Cohen was Gov. Roy Cooper’s secretary of the N.C. Department of Health and Human Services in June 2020, when she ordered Ace Speedway closed indefinitely. Cohen went to court to secure a preliminary injunction enforcing her “order of abatement.” Cohen later dropped her legal complaint in September 2020. Racetrack owners continued to pursue their own counterclaims challenging Cohen’s shutdown.
The N.C. Court of Appeals ruled unanimously in August 2022 that racetrack owners could pursue their lawsuit. By that time, Cohen had left DHHS. The suit continued against Kinsley. The state Supreme Court agreed in March to hear Kinsley’s appeal of appellate judges’ ruling.
Though legal documents refer to the secretary as “him,” racetrack owners’ allegations actually target Cohen’s actions in 2020. Kinsley is the “plaintiff-appellant” at the state Supreme Court. The track owners are “defendants-appellees.”
Ace’s latest brief recounts key details of the shutdown. The track has a seating capacity of 5,000 spectators. Owners said they needed 1,000 paying customers at each race to break even. On May 23, 2020, the speedway conducted a race with 2,550 spectators. Two other races took place over the next two weeks — with attendance of 1,600 and 1,200 — before Cohen blocked further track operations.
Ace had consulted with the Alamance County health director, the local sheriff, and others before developing a plan to operate races while addressing concerns about COVID-19.
Yet an executive order from Cooper had banned gatherings of more than 25 people in outdoor arenas. Cohen cited Cooper’s order in calling for Ace Speedway to close.
“After the issuance of this Executive Order, Defendant–Appellee, Jason Turner, made several critical comments to the press regarding the Governor’s Executive Order,” according to Ace’s court filing. “These comments were made a part of the basis for the lawsuit by the Plaintiff–Appellant.”
“After these comments, the Governor became personally involved with shutting down ACE Speedway,” the court filing argued. “On May 30 while on the way to meet with these
Defendants–Appellees, a person from Gov. Cooper’s Office called Sheriff [Terry] Johnson. … Sheriff Johnson then met with these Defendants–Appellees at the request of Gov. Cooper and requested that they call off the race which was scheduled.”
“Sheriff Terry Johnson has been in law enforcement for 49 years, and has been sheriff of Alamance County for 19 years. In his 49 years of law enforcement, this is the first time he received a letter from the Governor requesting an investigation of a particular business,” wrote attorney Chuck Kitchen, representing track owners.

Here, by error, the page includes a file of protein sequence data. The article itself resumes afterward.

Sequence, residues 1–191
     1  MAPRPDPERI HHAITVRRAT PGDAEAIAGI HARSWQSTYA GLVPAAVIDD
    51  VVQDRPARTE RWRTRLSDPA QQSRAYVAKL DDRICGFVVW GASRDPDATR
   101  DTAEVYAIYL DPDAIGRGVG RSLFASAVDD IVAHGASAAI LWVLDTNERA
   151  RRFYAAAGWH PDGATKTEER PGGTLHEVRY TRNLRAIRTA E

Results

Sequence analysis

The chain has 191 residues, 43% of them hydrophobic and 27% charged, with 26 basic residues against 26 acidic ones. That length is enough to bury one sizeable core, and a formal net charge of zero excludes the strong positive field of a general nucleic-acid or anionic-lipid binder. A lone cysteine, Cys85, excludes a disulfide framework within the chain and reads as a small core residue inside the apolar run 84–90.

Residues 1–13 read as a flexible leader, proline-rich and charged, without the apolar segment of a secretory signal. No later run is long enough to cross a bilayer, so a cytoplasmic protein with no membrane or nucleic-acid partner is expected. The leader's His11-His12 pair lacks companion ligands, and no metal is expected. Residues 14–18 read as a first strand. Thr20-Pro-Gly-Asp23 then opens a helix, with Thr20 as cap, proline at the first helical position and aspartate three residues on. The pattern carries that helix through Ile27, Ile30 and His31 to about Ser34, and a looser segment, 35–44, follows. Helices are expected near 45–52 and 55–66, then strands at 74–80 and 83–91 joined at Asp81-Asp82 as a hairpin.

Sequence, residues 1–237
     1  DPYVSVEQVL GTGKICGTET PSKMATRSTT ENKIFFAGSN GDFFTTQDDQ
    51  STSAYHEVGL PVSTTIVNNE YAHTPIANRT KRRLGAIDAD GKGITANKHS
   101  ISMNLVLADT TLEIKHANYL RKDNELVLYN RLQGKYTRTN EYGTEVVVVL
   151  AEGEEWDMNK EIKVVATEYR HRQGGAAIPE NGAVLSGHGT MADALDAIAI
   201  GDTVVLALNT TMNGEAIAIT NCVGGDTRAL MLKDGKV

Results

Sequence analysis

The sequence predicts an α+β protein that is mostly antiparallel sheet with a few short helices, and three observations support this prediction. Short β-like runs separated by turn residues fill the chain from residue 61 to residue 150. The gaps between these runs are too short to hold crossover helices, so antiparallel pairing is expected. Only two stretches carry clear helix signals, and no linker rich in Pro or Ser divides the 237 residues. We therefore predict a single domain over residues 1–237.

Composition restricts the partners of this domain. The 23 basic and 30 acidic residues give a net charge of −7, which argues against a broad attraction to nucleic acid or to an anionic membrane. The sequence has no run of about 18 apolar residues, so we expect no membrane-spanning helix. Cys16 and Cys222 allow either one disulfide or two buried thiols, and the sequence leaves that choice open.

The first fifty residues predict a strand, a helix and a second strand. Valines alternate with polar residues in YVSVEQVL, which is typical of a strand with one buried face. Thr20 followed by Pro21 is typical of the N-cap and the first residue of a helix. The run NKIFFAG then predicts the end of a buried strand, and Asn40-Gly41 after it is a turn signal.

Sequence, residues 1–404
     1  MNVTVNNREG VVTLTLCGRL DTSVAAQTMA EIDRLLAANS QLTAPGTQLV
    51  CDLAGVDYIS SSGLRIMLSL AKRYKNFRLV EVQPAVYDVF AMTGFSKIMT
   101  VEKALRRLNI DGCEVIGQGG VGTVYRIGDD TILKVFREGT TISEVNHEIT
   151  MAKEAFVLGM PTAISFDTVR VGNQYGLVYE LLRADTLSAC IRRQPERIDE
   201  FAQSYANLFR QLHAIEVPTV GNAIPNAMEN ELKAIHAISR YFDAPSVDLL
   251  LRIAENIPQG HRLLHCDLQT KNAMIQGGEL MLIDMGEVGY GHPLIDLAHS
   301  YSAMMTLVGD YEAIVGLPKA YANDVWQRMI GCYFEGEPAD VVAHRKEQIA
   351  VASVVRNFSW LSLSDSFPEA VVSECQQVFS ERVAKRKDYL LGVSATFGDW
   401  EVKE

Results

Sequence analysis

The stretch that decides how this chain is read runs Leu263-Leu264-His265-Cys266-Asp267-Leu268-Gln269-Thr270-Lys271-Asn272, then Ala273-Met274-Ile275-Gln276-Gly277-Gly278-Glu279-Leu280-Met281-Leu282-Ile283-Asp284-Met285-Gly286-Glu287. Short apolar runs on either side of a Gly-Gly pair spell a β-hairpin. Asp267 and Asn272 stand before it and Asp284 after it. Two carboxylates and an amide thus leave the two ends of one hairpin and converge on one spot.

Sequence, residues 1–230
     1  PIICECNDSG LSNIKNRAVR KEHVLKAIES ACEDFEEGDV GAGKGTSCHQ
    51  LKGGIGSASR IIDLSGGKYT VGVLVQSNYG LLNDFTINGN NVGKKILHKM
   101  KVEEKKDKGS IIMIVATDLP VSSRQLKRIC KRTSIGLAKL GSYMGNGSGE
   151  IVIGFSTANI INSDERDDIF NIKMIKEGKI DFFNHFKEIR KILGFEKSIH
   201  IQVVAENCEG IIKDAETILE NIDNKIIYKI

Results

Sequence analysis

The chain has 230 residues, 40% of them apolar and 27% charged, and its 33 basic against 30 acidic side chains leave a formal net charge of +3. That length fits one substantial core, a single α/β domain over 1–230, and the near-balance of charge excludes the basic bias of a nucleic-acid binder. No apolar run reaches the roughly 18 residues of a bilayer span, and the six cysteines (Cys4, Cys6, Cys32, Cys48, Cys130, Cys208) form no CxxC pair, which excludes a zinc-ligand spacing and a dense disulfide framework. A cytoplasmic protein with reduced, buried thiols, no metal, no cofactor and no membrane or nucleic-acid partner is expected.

The brief named several other N.C. racetracks that conducted races during the same time period. None faced orders to close. “These Defendants were singled out for enforcement by the Governor and the Plaintiff due to the comments made by Defendant–Appellee, Jason Turner, to the media,” Kitchen argued.
Track owners challenge Cohen’s authority to shutter Ace Speedway. “The operation of ACE Speedway is neither a profession or skilled trade, nor does it constitute a business which constitutes social or economic evils,” Kitchen wrote. “The operation of ACE Speedway is an ordinary business which was operated on ACE’s own property and with ACE’s own means. Further, the business did not constitute a social or economic evil, nor was it the cause of any spread of Covid-19. The Secretary did not have the police power to order ACE Speedway closed.”
Even if Cohen had the power to close the speedway, that action was “arbitrary and unreasonable,” Kitchen argued.
Cohen did not have legal authority to enforce the governor’s executive order through a shutdown, he wrote. “The enforcement of this Order can only be properly accomplished by charging the violator with a misdemeanor; it cannot be enforced by issuing an order of abatement,” Kitchen explained. “Even though the Sheriff of Alamance County refused to bring criminal charges against ACE, there are numerous State law enforcement agencies which could have brought criminal charges.”
“This is not a case where the Secretary was prioritizing actions to be filed against several racetracks,” Kitchen argued. “ACE Speedway was the only racetrack to be sued for violating Executive Order 141. The reason for the Order of Abatement being issued was not due to an imminent health hazard, but was due to ACE criticizing the Governor’s action in the press. There was no imminent health hazard caused by ACE Speedway operating. No new cases of COVID-19 in Alamance County were linked to any races held at ACE Speedway..”
The state Supreme Court has not yet scheduled Kinsley v. Ace Speedway Racing for oral arguments.